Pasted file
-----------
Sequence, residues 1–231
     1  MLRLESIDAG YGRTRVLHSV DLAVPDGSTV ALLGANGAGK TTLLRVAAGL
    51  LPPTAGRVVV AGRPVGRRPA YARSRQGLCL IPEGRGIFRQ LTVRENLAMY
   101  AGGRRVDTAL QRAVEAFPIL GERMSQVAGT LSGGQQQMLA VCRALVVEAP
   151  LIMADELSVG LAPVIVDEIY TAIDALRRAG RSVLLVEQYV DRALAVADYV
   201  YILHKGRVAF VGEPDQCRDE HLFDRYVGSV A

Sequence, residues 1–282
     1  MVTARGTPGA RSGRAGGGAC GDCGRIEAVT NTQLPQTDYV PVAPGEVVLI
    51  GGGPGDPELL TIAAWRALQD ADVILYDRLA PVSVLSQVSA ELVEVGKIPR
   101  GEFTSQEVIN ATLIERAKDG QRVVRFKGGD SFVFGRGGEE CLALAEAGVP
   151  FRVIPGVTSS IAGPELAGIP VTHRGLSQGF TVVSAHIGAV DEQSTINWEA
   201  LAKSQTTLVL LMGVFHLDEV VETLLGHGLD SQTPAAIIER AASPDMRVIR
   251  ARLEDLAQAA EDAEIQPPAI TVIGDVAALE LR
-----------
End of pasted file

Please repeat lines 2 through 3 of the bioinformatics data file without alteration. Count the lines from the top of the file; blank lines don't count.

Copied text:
     1  MLRLESIDAG YGRTRVLHSV DLAVPDGSTV ALLGANGAGK TTLLRVAAGL
    51  LPPTAGRVVV AGRPVGRRPA YARSRQGLCL IPEGRGIFRQ LTVRENLAMY